Somehow, it's appropriate that the man behind the cover of Pride and Prejudice and Zombies (which won our inaugural Best Book Cover of the Year vote in a thrilling come-from-behind victory just before Christmas) would be both a graphic designer and a standup comedian. As I mentioned last month when we announced the winner, when I did a Google search on "Doogie Horner," I got the results you only dream about: podcasts, hilarious photo montages, action ping-pong shots (see below, stolen from the Quirk Books site), and standup comedy entrepreneurism. I tracked down Doogie and sent him a few questions about the book and his work, and he was gracious enough to reply:
Amazon.com: It's been a heady year for Pride and Prejudice and Zombies: from semi-obscure literary mashup to national bestseller to Natalie Portman-attached film deal in less than a year. How did the book come about?
Horner: Jason Rekulak, the Creative Director at Quirk, came up with the book idea. He's a genius. He had complete faith in the idea, he was so excited about it, even though everybody else was like "wha?" I don't know what inspired him to come up with it.
Amazon.com: How did you approach the project as a designer? On first glance, it doesn't look like it belongs on the same shelf with other Quirk books like the Worst-Case Scenario guides or Your Big Fat Boyfriend.
Horner: Yeah, it looks different than other Quirk books. Quirk has a very eclectic list, so we don't really have a "house style," we do whatever is right for that particular book. With this one, I wanted the cover to look like a regular classic book, a real copy of Pride and Prejudice, but with a zombie on the cover. That's what the text is like, it's a mash-up. So I wanted the cover to be a mashed up old portrait, a portrait you'd find on a real version of Pride and Prejudice.
Wendy Zeiger at the Bridgeman Art Gallery helped us find the right portrait, and then I painted on the zombie parts--the skull, the exposed spinal column, the blood--and merged the two. I liked actually painting, that was nice. I also messed with her in Photoshop, made her pale and such. Oh, and I designed the Quirk Classics logo in the upper right, which we thought would be fun, envisioning this as an imprint within Quirk Books. Although, at the time, I don't think we expected Quirk Classics to become a legitimate imprint, like it has.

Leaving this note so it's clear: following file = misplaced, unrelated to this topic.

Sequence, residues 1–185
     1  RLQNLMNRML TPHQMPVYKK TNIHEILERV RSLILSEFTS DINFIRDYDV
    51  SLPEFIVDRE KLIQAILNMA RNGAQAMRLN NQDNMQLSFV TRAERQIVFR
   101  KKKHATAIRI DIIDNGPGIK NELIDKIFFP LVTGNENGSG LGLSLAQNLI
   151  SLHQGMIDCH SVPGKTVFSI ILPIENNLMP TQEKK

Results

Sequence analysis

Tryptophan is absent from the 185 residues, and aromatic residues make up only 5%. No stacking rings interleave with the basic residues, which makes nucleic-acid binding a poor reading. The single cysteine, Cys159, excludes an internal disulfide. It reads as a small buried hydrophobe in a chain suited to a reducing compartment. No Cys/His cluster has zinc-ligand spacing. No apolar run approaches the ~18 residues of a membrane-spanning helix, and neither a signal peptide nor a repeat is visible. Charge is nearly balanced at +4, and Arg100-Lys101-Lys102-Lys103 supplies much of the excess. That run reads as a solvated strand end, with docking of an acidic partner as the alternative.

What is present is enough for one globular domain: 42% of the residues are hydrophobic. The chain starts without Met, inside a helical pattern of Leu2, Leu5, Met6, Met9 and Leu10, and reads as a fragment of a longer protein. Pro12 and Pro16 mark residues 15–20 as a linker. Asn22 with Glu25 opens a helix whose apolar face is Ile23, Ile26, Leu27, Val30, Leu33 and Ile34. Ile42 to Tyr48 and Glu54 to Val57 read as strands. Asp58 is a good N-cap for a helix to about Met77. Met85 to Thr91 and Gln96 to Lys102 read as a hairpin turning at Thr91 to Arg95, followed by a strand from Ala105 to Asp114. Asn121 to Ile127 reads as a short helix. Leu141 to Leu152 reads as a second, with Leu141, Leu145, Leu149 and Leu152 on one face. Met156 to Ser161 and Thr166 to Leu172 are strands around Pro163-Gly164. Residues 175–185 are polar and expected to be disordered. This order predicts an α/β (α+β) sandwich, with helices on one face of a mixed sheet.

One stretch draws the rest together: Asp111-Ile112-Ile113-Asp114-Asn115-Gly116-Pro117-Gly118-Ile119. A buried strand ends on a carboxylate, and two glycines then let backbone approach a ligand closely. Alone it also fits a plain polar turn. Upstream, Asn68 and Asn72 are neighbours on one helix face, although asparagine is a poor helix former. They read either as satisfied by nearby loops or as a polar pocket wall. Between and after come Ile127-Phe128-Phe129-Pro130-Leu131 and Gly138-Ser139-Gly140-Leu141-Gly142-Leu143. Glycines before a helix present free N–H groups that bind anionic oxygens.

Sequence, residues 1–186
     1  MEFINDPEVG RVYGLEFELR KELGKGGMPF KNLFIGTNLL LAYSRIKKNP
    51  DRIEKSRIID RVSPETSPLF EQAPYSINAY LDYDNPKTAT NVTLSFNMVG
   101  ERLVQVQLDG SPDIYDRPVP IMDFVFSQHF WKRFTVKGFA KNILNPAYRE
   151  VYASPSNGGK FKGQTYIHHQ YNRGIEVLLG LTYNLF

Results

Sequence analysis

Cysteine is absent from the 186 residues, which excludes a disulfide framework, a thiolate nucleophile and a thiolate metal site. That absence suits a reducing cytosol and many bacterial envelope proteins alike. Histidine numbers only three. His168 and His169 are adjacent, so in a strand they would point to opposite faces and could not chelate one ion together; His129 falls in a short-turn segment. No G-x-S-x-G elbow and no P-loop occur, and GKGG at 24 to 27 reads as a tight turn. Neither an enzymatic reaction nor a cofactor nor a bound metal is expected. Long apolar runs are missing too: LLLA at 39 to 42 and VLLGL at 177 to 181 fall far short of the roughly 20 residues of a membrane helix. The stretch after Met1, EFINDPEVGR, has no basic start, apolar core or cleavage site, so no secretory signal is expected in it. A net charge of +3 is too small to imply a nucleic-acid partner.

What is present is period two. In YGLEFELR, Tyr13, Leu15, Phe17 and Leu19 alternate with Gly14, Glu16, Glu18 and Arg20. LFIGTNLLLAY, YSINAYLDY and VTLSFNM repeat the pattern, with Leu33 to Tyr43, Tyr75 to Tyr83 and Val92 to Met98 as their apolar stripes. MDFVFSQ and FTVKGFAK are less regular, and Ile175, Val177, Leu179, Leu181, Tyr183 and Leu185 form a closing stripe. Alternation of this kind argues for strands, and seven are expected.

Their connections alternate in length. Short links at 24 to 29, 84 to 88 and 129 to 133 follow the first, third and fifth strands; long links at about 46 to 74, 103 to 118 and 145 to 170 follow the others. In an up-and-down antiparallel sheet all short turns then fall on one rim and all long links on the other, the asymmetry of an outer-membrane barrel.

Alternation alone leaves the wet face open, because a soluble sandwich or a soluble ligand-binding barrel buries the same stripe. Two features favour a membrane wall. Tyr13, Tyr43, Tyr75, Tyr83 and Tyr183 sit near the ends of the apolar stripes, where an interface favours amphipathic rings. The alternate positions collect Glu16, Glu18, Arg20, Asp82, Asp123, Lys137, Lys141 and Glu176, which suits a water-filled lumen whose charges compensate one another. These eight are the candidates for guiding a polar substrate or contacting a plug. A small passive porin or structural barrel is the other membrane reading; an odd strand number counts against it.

Amazon.com: How did you come to publishing? Does Quirk work like other publishers? You're located in Philadelphia, for one thing, which is just a short Amtrak hop from Manhattan, but somehow that distance seems significant.
Horner: I always wanted to get into publishing, because I love books. I'm a bibliophile. I read a lot, I write a lot. So I always wanted to do book design, but I didn't want to move to NY, because, in case you haven't noticed, it's crowded and expensive (no offense, NY--you're beautiful!) There are only two publishers in Philadelphia: Running Press and Quirk. I started at Running Press, and then moved to Quirk a couple years ago. So I've worked at 100% of the trade publishers in the City of Brotherly Love.
I guess being in Philadelphia effects what we publish, how we publish; I'm not sure how other publishers work, actually. I think because we're a small publisher we have to generate a lot more book ideas in-house. I think larger houses utilize submissions from authors and agents more than we do. Quirk is very democratic; David Borgenicht, the Publisher, is open to ideas from anybody in the company. Anybody can pitch a book idea, and if we like it, the book will come together very quickly without too much red tape. Everybody in the company can fit around one table.
Amazon.com: How many graphic designer/standups are out there? Haven't all the font jokes been used up?
Horner: Sure, there have been a lot of font jokes written, but I think the great American font joke is still out there somewhere. I have a limerick I've been working on about Frankfurter, which has a lot of potential, but it's still under development.
I bet there are other graphic designer comedians. I don't have the exact numbers. Dave Eggers is a graphic designer--he's not a standup, but he's funny. Phil Hartman did design before comedy.
Amazon.com: I understand that "Dr. Eric Ryland Horner, D.V.M.," the author of First Timer's Kit: The Safe, Effective Way to Lose Your Virginity, is none other than you. Is that so? When I looked that item up on Amazon, these were among the first products listed in the Customers Who Bought This Item Also Bought section: the Logitech MX 1100 Cordless Laser Mouse, the Rubbermaid 7J98 Easy Find Lid 24-Piece Food Storage Containers, and the Kitchens of India Paste for Butter Chicken Curry, 3.5-Ounce Boxes (Pack of 6). And, yes, a year's subscription to Maxim. Can you explain?
Horner: Yes, that's me. I wrote that book-in-a-tin that says LOSE YOUR VIRGINITY real big on the front. Designed it too! I'm a one man band of inappropriateness. I couldn't use the name Doogie Horner because I didn't want people to think I was making a doctor joke, so I used a pseudonym. I don't know why that other weird stuff comes up under stuff other customers bought. The Tupperware makes sense, but the others seem random.
Right now I'm writing, designing, and illustrating a book called Everything Explained Through Flowcharts (HarperCollins, 2010), which is exciting because it combines all my interests; it's also exciting because it's bound to be the most thrilling book of the new millennium.